guess what I'm reading...(and it's a signed 1st edition!)
'Luck plays a great part in success...I won the show. Luck again. My opening line, shouted to an imaginary stage-hand in the wings, was supposed to be: "Will you switch these fans off, please? I'm getting sucked up."'
Phew…this lovely weather is not conducive to reading books about punctuation.
This lovely weather has me wishing I was on a beach somewhere by the seaside. As this is not practicable at the moment, I was going to listen to one my favourite music tracks instead, which imaginatively takes me there: Bob Dyaln’s Mozambique.
So, I found out that Dylan (and/or his record company) has prevented most of his original material from being freely available on the internet; it used to be on 'You Tube', but not any longer.
I found this cover version, which ain't too bad.
Seriously, I have quite over-thought punctuation, and I now need to get a book in order to clarify it’s complexities.
I can see why Virginia Wollf went/was mad. (Not that I’m comparing myself to that amazing writer, of course) Although, it might be a good idea to adopt a stream of consciousness technique myself; that way I could just leave out punctuation altogether.
But then again, a part of me thinks that, as a working-class woman writer, it is my job to challenge literary conventions; in which case, I’m quite entitled to run amok with such things as punctuation, vocabulary, grammar, content, structure, form and even spelling - be it deliberate or otherwise.
This all leads me to ponder - Is it a good idea for me to do a degree in Creative Writing?
I shall go mad. I shall go mad.
So, I am going to the library, right now, to get a book about punctuation.
In the meantime, check out my website about working-class women writers.
Phewwwww….great day in the garden, tho.
Gather rose buds, while you can.
Now is the summer of my miscontent. This is mine own worst enemy … ; … (i.e: the semi-colon)
It sha’n’t get the better on me. I will suss it out. And, henceforth, I will put it to good practice and use, use, use it to my advantage; whilst gently putting to death bourgeois punctuation. I will surreptiously fashion my own vocabulary and grammar, and they will learn to speak my language on my own terms.
...it would be an honour and a privilege.
Attention: I have no blog today, as I'm quite expired by the heat (can't be arsed) and my memory glands are temporarily inhibited.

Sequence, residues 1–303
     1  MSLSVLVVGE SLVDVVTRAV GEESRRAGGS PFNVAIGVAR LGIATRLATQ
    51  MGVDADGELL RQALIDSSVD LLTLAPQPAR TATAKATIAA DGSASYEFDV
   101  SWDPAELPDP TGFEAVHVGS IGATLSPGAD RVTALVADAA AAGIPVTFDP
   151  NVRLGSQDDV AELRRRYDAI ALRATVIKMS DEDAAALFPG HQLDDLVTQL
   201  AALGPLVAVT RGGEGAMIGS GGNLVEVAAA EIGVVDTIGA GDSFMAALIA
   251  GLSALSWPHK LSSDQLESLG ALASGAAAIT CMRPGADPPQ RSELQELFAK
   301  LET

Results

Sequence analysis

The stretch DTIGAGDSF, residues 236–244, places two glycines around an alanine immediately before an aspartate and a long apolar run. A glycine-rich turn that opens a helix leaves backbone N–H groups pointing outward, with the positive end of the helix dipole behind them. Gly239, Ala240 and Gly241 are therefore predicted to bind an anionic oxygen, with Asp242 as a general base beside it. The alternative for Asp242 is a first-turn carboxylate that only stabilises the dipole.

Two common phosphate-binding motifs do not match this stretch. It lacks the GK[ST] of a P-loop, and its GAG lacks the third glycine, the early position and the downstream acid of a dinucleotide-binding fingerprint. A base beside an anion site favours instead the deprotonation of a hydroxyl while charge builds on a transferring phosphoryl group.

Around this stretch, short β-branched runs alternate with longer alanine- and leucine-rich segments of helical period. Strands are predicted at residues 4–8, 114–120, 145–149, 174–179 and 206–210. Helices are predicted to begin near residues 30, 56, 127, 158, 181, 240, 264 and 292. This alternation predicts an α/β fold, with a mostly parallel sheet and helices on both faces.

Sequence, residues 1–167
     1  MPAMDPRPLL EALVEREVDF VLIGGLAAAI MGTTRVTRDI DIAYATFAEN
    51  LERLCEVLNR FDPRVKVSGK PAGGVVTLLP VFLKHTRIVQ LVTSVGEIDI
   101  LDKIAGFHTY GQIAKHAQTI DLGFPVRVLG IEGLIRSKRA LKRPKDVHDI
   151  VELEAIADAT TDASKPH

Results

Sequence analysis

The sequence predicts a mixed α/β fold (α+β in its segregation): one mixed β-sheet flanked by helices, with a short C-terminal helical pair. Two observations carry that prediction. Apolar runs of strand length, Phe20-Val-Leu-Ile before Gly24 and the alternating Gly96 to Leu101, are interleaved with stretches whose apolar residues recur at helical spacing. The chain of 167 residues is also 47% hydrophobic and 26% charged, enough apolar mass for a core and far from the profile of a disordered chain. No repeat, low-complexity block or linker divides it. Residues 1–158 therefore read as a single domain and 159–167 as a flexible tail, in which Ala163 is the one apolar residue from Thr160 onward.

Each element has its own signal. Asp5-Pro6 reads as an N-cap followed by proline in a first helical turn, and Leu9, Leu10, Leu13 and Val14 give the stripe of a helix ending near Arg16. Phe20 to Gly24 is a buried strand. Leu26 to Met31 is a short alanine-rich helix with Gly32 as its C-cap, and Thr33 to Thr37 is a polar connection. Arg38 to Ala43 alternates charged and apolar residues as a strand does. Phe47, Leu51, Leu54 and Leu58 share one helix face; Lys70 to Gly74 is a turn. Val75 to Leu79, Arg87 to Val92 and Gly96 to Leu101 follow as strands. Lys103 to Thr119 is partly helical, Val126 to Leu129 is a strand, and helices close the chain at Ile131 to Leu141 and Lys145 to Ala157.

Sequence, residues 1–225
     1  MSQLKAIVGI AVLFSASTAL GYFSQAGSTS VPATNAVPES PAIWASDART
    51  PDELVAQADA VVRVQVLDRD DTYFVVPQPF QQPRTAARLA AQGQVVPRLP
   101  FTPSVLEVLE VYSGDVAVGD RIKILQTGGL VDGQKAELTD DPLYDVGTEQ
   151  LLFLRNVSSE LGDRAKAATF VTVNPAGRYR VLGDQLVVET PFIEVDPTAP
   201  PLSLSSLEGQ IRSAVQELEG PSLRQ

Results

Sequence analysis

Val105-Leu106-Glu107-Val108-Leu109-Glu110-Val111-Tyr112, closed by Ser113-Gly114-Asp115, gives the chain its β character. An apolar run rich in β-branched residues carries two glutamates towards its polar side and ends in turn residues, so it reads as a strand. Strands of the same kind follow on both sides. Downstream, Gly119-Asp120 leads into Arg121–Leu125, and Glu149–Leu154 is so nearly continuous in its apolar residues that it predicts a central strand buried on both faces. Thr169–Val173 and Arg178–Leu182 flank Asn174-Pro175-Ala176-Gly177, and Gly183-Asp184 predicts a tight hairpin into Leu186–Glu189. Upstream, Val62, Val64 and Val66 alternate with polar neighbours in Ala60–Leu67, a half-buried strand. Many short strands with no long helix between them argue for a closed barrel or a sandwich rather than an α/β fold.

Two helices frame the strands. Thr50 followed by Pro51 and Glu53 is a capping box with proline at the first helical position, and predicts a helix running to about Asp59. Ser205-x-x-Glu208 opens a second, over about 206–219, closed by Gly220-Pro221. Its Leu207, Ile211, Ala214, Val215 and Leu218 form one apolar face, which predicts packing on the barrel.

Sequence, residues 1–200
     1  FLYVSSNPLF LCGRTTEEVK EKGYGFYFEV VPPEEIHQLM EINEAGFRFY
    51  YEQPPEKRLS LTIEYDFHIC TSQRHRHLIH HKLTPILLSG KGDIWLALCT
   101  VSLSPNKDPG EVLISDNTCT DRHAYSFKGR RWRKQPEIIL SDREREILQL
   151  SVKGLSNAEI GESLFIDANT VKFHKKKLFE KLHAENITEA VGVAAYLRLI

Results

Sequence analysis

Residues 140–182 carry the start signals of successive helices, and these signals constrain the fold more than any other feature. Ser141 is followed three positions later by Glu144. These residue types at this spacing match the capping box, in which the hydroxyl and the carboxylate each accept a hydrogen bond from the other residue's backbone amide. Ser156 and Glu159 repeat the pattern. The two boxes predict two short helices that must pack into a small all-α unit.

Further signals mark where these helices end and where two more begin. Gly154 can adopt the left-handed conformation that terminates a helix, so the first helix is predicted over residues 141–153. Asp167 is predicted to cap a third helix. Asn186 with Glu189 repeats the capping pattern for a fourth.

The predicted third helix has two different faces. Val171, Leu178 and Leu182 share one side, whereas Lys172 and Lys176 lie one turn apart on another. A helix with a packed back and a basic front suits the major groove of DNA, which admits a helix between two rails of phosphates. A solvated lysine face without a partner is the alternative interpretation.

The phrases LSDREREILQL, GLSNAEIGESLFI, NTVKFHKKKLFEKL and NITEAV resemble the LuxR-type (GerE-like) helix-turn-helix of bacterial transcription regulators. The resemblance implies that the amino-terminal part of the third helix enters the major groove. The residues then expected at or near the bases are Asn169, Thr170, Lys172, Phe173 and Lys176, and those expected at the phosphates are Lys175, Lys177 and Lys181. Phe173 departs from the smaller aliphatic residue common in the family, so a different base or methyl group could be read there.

one day they're moaning about the rain; next the heat.
btw: playing one's radio loudly when folks are sunbathing on their lawn (albeit weedless and comparatively small, but manageable. The way I like it)) is the root of all evil.
nah. niche. nocky. noo, nine. no.
and word of the day is 'snarky'
ah, just spent a pleasant afternoon on the Speed Awareness Course. And very interesting it was, too.
Just popped in to say that my blog and I are taking a short break. I have several books to read, and I find it hard to multi-task - crossed-wires and all that.
However, I am more than sure that this reading of books will be beneficial, and will inform my future writings. : )
When I said that one of my female co-workers was having relationship problems; it wasn’t just out of idle gossip. Her work was suffering, and one day she broke down in tears. I suggested that she move in with us at my mum’s house, until she got things sorted out with her boyfriend. I was sure my mum wouldn’t mind, and, being a dutiful Christian, she would grasp the opportunity to help a person in need. Besides, the woman could give us some money towards board and lodging... So, she moved in with us. Like I said, she’d had some training at the Agricultural College, and she'd also had some experience working with horses. (Incidentally, this was the person from whom I bought the previously mentioned Triumph Spitfire.) Shortly after she had settled in with us, she got a little grey horse on short-term loan, and stabled it at the same place I kept mine. All in all, things worked out quite well, for a while. We would help each other out, feeding and watering the horses when the other was working - it was rather difficult trying to juggle the long hours of shift-work with looking after the horses. At least during the summer, the horses would live out in the field, and were hardly any trouble at all. There was another horse in the yard, which was owned by a middle-aged married woman. She and her husband shared the horse. Once, we all clubbed together and hired a horsebox, and took our horses to Markfield Equestrian Centre for a showjumping event. To tell the truth, my horse and I didn’t do very well with the showjumping. A good showjumper costs time and money. I had never schooled my horse in jumping, and, on reflection, it was asking a bit too much of her to do an actual course, in what was an enormous indoor arena. She was fast though: she could beat anything on the flat. I guess, it was a case of ‘horses for courses’, as the saying goes.